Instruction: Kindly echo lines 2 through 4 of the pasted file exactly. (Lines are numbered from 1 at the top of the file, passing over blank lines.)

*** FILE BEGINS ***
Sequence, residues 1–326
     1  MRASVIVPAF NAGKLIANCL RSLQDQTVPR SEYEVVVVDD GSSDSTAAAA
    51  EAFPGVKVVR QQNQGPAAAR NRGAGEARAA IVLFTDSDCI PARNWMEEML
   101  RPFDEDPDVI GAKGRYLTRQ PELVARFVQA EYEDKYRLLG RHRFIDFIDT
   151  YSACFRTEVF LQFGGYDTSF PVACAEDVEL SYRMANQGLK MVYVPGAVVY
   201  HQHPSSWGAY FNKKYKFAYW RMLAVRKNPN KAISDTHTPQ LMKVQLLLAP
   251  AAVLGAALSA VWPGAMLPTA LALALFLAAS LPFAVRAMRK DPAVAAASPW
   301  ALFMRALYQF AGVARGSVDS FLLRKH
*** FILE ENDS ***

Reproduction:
     1  MRASVIVPAF NAGKLIANCL RSLQDQTVPR SEYEVVVVDD GSSDSTAAAA
    51  EAFPGVKVVR QQNQGPAAAR NRGAGEARAA IVLFTDSDCI PARNWMEEML
   101  RPFDEDPDVI GAKGRYLTRQ PELVARFVQA EYEDKYRLLG RHRFIDFIDT